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Ryugu close-up
This image of the asteroid Ryugo was captured by the Hayabusa 2 probe’s ONC-T camera at an altitude of about 64 meters (210 feet). Image was taken on Sept. 21. A large boulder is at bottom left, along with a scale bar indicating the length of 1 meter. (Credit: JAXA, University of Tokyo, Kochi University, Rikkyo University, Nagoya University, Chiba Institute of Technology, Meiji University, Aizu University, AIST)

The scientists and engineers behind Japan’s Hayabusa 2 mission made history last week when the mission’s mothership dropped two mini-rovers onto the surface of the asteroid Ryugu, 180 million miles from Earth, but they’re not resting on their laurels.

The first rovers to hop around an asteroid’s surface have continued to send back pictures of their travels — and so has the main spacecraft, which is keeping watch dozens of miles above them.

One of the pictures shows a high-resolution view of Ryugu’s surface from above, highlighted by a big boulder’s sharp shadow. The image was captured by the main spacecraft’s telescopic optical navigation camera, or ONC-T, as it closed in on Ryugu for the rover drop on Sept. 21.

“This is the highest-resolution photograph obtained of the surface of Ryugu,” the science team says. Two farther-away pictures from Hayabusa 2’s archive show the wide-angle context for the scene:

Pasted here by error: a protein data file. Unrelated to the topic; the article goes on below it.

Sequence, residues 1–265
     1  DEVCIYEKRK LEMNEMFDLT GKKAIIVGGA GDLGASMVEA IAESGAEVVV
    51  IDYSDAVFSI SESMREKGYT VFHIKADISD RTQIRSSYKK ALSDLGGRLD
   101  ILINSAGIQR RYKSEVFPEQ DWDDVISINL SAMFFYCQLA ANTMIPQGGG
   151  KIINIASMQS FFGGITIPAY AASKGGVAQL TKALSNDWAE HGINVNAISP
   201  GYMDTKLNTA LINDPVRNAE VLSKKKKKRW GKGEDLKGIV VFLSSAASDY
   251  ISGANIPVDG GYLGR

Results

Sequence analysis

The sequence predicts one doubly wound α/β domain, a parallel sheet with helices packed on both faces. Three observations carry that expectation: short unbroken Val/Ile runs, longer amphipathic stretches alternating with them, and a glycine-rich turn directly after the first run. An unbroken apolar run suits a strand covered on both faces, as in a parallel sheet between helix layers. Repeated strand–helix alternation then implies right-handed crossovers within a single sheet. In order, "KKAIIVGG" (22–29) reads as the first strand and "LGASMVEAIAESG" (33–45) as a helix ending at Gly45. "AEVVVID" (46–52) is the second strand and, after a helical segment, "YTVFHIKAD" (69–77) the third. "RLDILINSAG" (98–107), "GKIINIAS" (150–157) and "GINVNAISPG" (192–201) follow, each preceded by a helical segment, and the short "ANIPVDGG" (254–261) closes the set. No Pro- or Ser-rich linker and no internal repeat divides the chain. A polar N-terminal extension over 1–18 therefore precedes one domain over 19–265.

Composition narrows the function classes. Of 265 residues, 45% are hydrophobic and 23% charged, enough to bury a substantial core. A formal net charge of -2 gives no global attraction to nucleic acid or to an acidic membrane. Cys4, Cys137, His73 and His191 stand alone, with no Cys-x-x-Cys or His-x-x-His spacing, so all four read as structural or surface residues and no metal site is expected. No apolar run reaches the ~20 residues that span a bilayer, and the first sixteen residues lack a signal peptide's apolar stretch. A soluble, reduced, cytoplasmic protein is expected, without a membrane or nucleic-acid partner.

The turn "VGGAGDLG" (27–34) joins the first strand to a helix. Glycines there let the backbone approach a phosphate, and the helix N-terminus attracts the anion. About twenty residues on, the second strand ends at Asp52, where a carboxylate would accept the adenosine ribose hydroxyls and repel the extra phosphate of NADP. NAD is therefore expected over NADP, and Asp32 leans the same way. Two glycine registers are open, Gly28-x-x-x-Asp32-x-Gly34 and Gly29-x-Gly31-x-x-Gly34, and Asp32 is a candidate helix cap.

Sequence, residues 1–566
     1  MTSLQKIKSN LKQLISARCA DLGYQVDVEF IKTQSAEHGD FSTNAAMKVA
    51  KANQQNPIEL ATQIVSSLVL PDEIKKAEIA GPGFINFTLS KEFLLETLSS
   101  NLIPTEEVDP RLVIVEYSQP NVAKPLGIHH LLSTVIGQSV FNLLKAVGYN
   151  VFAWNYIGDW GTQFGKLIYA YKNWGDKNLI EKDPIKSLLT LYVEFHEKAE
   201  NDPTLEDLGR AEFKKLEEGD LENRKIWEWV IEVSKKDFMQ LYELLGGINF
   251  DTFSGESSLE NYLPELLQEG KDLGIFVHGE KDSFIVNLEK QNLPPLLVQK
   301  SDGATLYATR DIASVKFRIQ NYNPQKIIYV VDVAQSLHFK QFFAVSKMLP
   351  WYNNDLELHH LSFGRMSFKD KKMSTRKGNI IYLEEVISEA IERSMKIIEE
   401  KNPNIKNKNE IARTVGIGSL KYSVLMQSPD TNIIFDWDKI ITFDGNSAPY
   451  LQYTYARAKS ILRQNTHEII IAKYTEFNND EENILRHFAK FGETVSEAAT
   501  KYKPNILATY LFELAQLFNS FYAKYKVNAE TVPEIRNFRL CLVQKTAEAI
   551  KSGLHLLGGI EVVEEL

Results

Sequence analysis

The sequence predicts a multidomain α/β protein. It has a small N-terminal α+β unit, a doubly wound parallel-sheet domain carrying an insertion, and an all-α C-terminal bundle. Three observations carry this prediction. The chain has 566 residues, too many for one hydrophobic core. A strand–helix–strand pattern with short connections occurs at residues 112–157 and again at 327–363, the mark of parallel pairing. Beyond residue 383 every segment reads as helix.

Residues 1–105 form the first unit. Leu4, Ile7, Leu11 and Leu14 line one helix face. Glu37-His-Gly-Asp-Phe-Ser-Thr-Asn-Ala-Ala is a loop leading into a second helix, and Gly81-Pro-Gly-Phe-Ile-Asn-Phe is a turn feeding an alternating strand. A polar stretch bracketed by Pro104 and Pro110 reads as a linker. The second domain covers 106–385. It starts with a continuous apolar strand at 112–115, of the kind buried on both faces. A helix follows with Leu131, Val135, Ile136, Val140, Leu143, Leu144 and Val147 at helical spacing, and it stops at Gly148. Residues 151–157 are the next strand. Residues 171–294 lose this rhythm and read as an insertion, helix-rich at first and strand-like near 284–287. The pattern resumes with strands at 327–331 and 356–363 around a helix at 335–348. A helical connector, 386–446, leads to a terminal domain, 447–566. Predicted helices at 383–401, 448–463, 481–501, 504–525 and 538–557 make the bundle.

Context image of Ryugu
Two long-distance pictures taken by Japan’s Hayabusa 2 probe zero in on the scene shown in a close-up picture of asteroid Ryugu. (Credit: AXA, University of Tokyo, Kochi University, Rikkyo University, Nagoya University, Chiba Institute of Technology, Meiji University, Aizu University, AIST)

The spacecraft also has been relaying back more pictures from the mini-rovers. Here’s a six-pack of tweeted highlights, starting with a 15-frame movie assembled from Rover-1B’s snapshots.

There’s still more drama ahead: Hayabusa 2 is due to drop a bigger rover known as MASCOT to Ryugu’s surface on Oct. 3, followed by rounds of surface sampling and the release of yet another mini-rover next year. If all goes well, Hayabusa 2 will head back toward Earth and drop off its precious samples of asteroid soil in late 2020.

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